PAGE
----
If you’ve ever applied for a VAT/GST refund, you’ll know that processing agencies like Global Blue and Planet take a big bite out of your payment through their handling and currency conversion fees. Some money is better than none of course, though it’s hard not to feel ripped off.
But inflated margins have a way of attracting competition, and startups are now looking to muscle in and challenge the status quo. One such company is utu, which claims it can upsize your tax refund by 30%.
Make no mistake: 30% is a showstopping claim, the kind that makes you sit up and take notice. It’s also the kind that makes me deeply suspicious. Can utu really give you 30% more cash on your tax refund?
The short answer, unfortunately, is no.
How utu works
utu supports tax refunds for purchases made in the following 50 countries + Faroe Islands:
|🌎 utu-supported countries|
Customers are issued with a utu virtual card, which acts as a passthrough. You cannot spend any money via the card; you can only use it to receive tax refunds.
In other words, you enter the utu virtual card number in the credit card field when filling out the tax refund form. Once the authorities send the refund to the utu virtual card, utu will then credit the amount to:
- a linked credit card (within 10 working days), or
- a linked frequent flyer account (transfer times vary)
You can toggle between both options in the app.
Option 1: Refund via credit card
utu customers will receive a 5% bonus on the tax amount refunded to their credit card if their shopping is done within any of the 19 Eurozone countries:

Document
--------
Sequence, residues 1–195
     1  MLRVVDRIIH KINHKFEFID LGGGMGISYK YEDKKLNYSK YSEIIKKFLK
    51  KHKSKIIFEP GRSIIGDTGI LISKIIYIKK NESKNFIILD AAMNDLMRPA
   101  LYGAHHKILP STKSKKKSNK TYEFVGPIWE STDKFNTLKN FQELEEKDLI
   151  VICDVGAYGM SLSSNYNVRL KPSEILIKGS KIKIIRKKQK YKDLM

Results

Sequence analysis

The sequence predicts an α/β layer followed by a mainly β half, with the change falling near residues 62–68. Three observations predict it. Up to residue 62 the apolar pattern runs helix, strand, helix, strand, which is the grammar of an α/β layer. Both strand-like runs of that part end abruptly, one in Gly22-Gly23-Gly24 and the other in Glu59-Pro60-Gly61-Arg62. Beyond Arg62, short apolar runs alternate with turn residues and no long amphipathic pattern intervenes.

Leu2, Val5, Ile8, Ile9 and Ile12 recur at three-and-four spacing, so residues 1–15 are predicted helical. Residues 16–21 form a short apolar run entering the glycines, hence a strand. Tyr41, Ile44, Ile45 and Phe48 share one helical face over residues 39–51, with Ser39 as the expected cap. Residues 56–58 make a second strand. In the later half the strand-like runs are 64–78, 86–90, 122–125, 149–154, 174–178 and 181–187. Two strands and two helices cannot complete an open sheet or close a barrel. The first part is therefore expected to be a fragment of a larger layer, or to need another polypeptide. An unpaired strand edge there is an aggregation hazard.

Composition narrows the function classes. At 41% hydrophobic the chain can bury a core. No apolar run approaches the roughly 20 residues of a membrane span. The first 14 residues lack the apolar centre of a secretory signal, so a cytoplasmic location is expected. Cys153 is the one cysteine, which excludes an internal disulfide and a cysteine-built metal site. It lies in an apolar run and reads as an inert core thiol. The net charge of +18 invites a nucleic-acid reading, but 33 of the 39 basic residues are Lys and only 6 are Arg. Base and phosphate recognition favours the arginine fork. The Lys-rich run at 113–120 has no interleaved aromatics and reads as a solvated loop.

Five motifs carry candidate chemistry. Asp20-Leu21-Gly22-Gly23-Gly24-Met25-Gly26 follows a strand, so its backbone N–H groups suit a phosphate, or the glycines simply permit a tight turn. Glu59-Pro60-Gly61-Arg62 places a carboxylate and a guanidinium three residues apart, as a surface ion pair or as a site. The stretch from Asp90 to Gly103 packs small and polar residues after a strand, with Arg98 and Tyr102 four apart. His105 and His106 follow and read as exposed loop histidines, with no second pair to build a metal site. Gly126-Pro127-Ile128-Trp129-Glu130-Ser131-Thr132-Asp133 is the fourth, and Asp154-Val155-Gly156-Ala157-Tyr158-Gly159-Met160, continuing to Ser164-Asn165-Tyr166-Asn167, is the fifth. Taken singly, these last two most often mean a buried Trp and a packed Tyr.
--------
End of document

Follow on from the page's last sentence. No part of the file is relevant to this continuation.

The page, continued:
|🌎 Countries with 5% bonus|
For example, if the tax authorities send a €100 refund to my utu virtual card, utu will upsize that to €105 and credit my linked card accordingly.
For all other non-Euro currencies, utu will credit the nett refund amount with no bonus. In other words, it’s no different from receiving a refund via any other credit card.
Option 2: Refund via miles (avoid!)
So the use case for utu is clear when dealing with Euro-denominated refunds. But why would you bother using utu in a non-Eurozone country if the refund is just processed at face value (plus an additional wait time of 10 working days)?
In theory, it’s because utu gives you the option of receiving the refund in frequent flyer miles (for all 50 supported countries + Faroe Islands), credited automatically to any of the following programmes.
|FFP||Miles per US$100||Cost Per Mile|
|Emirates Skywards||4,167||1.92 US cents|
|Ethiopian ShebaMiles||4,167||1.92 US cents|
|Qatar Airways||4,167||1.92 US cents|
|KrisFlyer||3,126||2.56 US cents|
|EVA Air Infinity MileageLands||3,125||2.56 US cents|
|Royal Orchid Plus||3,125||2.56 US cents|
The math takes a little bit of explaining, so stay with me here.
Suppose you’re shopping in Germany and receive a nett refund of 95 Euros (US$100). On your utu app, you’ve selected KrisFlyer miles as your designated refund method.